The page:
In one of my favorite lyrics, musician Ray Wylie Hubbard says, “The days I keep my gratitude higher than my expectations, those are good days.”  I think it goes without saying that gratitude is an amazing “happiness strategy”.  Check out this post to read more.   Expectations, on the other hand, get us in trouble.  The expectations we have of ourselves and others are one of the quickest ways to get frustrated and disappointed.

I have found that we get frustrated when people don’t meet our expectations when, in reality, most of the time we haven’t even clearly communicated what our expectations are.  Think about the last time you were frustrated with or disappointed in someone.  Chances are, it was because your expectations weren’t met.  Did you clearly communicate them?

I once had a friend who said he was never disappointed because he always kept low expectations.  I think Ray Wylie Hubbard is on to something.  This holiday season, don’t forget to keep your gratitude higher than your expectations.

I’m curious to know if you’ve found this to be true.  Leave a comment here or join us on Facebook to share!

8 Comments

  1. Happy Monday Anne! I feel like you read through me. I am so guilty of setting high expectations, then get frustrated. Thank you for the tips. You are awesome! Have a great week! 🙂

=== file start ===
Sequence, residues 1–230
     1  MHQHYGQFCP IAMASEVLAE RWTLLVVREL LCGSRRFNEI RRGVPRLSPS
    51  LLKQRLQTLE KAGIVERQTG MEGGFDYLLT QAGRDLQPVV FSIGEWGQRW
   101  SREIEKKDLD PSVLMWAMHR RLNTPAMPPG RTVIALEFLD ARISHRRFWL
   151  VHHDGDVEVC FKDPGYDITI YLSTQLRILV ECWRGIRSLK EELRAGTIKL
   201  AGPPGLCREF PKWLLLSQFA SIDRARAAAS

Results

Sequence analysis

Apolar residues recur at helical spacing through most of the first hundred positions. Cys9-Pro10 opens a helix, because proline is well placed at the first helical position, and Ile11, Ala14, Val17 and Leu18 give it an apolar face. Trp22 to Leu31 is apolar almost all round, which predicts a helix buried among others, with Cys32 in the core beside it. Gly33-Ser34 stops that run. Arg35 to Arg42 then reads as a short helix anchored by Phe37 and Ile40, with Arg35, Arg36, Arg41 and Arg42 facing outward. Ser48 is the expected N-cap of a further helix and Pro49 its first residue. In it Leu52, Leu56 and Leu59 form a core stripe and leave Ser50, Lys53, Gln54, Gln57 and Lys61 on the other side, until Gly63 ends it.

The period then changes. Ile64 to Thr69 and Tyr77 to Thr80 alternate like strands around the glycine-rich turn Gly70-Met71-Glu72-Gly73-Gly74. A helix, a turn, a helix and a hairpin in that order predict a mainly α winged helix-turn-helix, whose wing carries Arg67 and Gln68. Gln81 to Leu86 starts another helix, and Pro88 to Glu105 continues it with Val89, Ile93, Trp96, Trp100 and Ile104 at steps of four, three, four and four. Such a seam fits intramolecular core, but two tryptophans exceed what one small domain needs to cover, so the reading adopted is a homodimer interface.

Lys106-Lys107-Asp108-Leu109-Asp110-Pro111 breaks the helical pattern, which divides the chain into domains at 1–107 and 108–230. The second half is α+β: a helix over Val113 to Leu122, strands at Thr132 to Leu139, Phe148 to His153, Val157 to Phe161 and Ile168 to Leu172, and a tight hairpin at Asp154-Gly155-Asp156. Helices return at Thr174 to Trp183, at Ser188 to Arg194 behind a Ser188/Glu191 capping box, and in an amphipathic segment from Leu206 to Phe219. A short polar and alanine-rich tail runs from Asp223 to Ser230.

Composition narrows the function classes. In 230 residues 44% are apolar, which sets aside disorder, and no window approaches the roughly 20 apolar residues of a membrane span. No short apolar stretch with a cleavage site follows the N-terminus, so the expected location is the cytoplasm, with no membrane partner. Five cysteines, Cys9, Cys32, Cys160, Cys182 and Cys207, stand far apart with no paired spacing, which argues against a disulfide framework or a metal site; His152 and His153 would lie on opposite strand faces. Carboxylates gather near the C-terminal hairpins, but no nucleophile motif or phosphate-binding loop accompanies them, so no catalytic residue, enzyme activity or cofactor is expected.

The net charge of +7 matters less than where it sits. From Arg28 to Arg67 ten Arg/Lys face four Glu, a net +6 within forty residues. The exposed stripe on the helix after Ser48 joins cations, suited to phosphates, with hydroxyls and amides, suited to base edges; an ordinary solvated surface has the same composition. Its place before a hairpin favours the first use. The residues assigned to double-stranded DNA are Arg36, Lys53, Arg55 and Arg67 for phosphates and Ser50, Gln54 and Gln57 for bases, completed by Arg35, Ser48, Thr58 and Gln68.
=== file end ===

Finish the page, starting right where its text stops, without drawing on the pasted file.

2. I also have been accused of setting high expectations. With 4 children at home and a department of 40 at work, communicating my expectations is a constant effort. Thank you for the post.

  3. I don’t know if I agree with this… Sometimes, having low expectations leads to self-fullfilling prophecies in our lives and in the lives of those that we have low expectations for… I would much rather learn to be err on the side of having my expectations TOO HIGH and learn to appreciate whatever the reality turns out to be than to have my expectations TOO LOW and risk setting someone up for being less than their true potential. (Aim for the moon… Even if you miss, you still land in the stars!)

    • Very good point, Michelle! I don’t mean that you should have low expectations or your self and/or others, only that you communicate what your expectations are so that everyone is clear. I think when people disappoint us or fail to meet our expectations, it’s not that they are too high, just that we haven’t communicated what they are in the first place 🙂

  4. One of the Four Noble Truths at the heart of Buddhism states that the root of all suffering is desire. Once I figured out that “desire” means expectations, that whole philosophy suddenly made a lot more sense to me and provides a useful perspective — life is not ideal, and events, things, people (you name it) frequently fail to live up to our expectations. So maybe we shouldn’t sweat it. 🙂

    It definitely helps to figure out what you want and articulate it, and it’s even better to look for unexpected blessings.

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